There’s a fly in my ointment
For those of you who have “Insect Rights” organizations on speed-dial, let me reassure you that not a single Housefly (Musca domestica) was hurt during the writing of this article. For some background, the actual expression of having a fly in one’s ointment is believed to have been taken from a reference in the King James Bible in Ecclesiastes 10:1 which states: “Dead flies cause the ointment of the apothecary to send forth a stinking savour: so doth a little folly him that is in reputation for wisdom and honour.” This same phrase in the New International Version written in a more user-friendly way states: “As dead flies give perfume a bad smell, so a little folly outweighs wisdom and honor.” The exact interpretation of this verse is somewhat in question but the general consensus is that the fly spoils a perfectly good ointment. Today, we tend to rarely use this expression but when we did it referenced having a minor setback or issue, normally determined after something has been started or completed.
In truth, my reference to this somewhat outdated expression relates to a different fly, specifically the fly agaric or sometimes referred to as the fly amanita. To be more specific, it is currently known in the science community as Amanita muscaria. I have always enjoyed finding and photographing this spectacular mushroom but it has only been recently that my interested in it has seemingly exploded. I was aware that this species of mushroom was both toxic and hallucinogenic but otherwise of little interest to the average forager. Then, while leading a foray with Sandy and a group from the Amazon Community Center, we encountered a forager from Utah who picks, sautés, and eats Amanita muscaria without any prior preparation other than cleaning it. He said he has been doing this for years with no ill effects and said it was one of his favorite mushrooms to eat. I was flabbergasted to say the least.
Now, it’s time for a reality check. I am in no way advocating for eating the fly agaric raw, cooked, microwaved, baked, sautéed, or stuffed into a turkey. It does contain toxins, the worst of which is the alkaloid ibotenic acid, a powerful neurotoxicant that can cause vomiting, diarrhea, and seizures. There are also a number of additional chemicals in this species which occur in different concentrations depending on a number of environmental factors. The bottom line is experimenting with eating the fly agaric can result in unexpected and undesired outcomes. That said, I have included a link to a process written by William Rubel that essentially neutralizes a significant amount of these water-soluble chemicals by parboiling the mushroom prior to cooking it. To be clear, I have no personal experience in performing this process and I am only providing information, not advocating that anyone try it. Remember, parboiling only works for certain water-soluble chemicals and not for other species of mushrooms containing amatoxins. These toxins are thermostable and will not change due to heat; therefore, amatoxins are not reduced by cooking or boiling. Make no mistake, some species of mushroom can be deadly poisonous if ingested.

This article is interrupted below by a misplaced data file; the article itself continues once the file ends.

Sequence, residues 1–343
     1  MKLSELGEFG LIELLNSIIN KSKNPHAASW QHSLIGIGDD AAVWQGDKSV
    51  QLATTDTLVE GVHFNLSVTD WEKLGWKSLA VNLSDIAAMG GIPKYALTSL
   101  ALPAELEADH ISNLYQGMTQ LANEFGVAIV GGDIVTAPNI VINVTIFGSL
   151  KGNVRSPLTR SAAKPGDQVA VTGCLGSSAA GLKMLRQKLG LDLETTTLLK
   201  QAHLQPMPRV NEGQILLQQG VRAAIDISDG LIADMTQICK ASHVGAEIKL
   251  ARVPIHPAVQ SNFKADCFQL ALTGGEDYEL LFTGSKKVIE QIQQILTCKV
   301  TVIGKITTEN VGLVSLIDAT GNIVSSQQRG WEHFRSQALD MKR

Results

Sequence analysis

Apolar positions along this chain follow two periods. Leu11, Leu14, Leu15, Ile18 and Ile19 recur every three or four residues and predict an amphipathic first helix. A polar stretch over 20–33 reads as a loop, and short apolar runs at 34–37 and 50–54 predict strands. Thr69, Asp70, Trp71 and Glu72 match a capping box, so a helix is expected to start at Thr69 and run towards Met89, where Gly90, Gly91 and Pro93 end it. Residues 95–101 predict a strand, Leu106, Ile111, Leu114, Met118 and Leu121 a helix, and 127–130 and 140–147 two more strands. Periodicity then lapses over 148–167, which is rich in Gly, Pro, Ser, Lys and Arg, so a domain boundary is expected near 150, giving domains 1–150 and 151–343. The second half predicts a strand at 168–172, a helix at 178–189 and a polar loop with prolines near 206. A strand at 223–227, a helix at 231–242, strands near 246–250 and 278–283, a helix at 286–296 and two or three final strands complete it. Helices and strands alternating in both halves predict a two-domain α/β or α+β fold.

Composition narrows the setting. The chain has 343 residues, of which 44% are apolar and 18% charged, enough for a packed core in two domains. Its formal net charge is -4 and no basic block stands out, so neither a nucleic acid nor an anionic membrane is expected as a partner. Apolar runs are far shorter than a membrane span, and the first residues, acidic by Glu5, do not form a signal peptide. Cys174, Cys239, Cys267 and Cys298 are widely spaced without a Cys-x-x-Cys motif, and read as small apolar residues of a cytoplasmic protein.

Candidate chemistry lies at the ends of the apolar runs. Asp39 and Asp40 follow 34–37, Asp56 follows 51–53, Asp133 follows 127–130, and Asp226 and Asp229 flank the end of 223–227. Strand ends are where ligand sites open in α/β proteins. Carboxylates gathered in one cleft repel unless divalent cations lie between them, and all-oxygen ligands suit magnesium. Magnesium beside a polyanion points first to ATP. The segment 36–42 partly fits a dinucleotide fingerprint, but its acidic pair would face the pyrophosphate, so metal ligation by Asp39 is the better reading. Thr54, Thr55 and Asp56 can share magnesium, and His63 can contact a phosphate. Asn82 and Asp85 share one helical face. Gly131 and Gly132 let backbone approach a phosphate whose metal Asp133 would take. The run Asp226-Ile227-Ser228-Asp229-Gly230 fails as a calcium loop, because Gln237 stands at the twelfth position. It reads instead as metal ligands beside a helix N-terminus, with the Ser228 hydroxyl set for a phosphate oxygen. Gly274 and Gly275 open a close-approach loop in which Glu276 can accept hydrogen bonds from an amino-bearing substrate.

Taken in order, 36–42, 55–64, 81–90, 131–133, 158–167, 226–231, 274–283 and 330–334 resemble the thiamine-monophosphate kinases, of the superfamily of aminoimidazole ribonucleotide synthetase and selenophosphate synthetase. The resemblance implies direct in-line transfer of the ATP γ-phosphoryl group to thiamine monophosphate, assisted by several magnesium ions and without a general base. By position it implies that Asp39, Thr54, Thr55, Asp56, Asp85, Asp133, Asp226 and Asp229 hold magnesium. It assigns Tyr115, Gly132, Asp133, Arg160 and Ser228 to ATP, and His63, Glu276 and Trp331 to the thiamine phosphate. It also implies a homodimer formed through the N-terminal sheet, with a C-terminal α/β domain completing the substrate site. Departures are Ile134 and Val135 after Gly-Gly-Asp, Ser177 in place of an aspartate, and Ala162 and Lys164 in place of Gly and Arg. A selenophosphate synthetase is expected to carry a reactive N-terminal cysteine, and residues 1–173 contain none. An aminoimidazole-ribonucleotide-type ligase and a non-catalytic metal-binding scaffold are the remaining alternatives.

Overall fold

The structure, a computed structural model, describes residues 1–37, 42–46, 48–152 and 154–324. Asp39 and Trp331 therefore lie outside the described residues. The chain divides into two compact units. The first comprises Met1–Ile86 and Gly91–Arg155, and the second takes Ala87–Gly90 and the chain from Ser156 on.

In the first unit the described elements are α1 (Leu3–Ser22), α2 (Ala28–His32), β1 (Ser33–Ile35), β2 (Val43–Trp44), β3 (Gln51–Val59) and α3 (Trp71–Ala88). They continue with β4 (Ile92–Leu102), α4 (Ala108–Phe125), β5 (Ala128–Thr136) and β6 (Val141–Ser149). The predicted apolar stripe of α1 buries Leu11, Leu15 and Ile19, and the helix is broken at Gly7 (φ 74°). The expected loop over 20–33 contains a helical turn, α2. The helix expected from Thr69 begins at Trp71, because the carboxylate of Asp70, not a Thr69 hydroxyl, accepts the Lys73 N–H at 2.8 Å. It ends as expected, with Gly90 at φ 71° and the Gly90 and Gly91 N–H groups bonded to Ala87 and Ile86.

Additionally, to fully bring together the concept of fly in the ointment, I found it quite interesting that the fly agaric has been used as an external medicinal ointment to treat various types of pain including sciatica, muscle and joint pain, sprains, and inflammation. Most of this information is currently anecdotal evidence regarding the benefits of these tinctures; however, as with other mushrooms great interest has been taken with A. muscaria for its potential medicinal applications. With these claims, it is always necessary for each person to do their own research to determine their validity and usefulness.
On a closing note, as it turns out, Dr. Michael Beug and Danny Miller who are both members of the PNW Key Council, have recently stated that DNA analysis is currently indicating that A. muscaria is a complex of mushroom species; which these days should not surprise anyone. If they are correct, this article was mostly about A. chrysoblema rather than A. muscaria. Confused yet? You are not alone. Note: Any forthcoming name changes will not change the content of this article. In conclusion; yes – this is really and finally the conclusion, stay safe, enjoy our amazing woodlands, pick and eat mushrooms safely and happy Valentine’s Day.
Websites Worth Investigating
- Amanita muscaria: Basic information, history, chemical composition, effects, legal status, and health risks – The International Center for Ethnobotanical Education, Research, and Service
- Further Reflections on A. muscaria as an edible species – The Bay Area Mycological Society
- Amanita muscaria (how to prepare) – William Rubel
- Amanita muscaria Tincture for Pain and Sciatica – New Zealand Survival Academy
- Harnessing the Therapeutic Potential of Muscimol – Neuroscience News and Research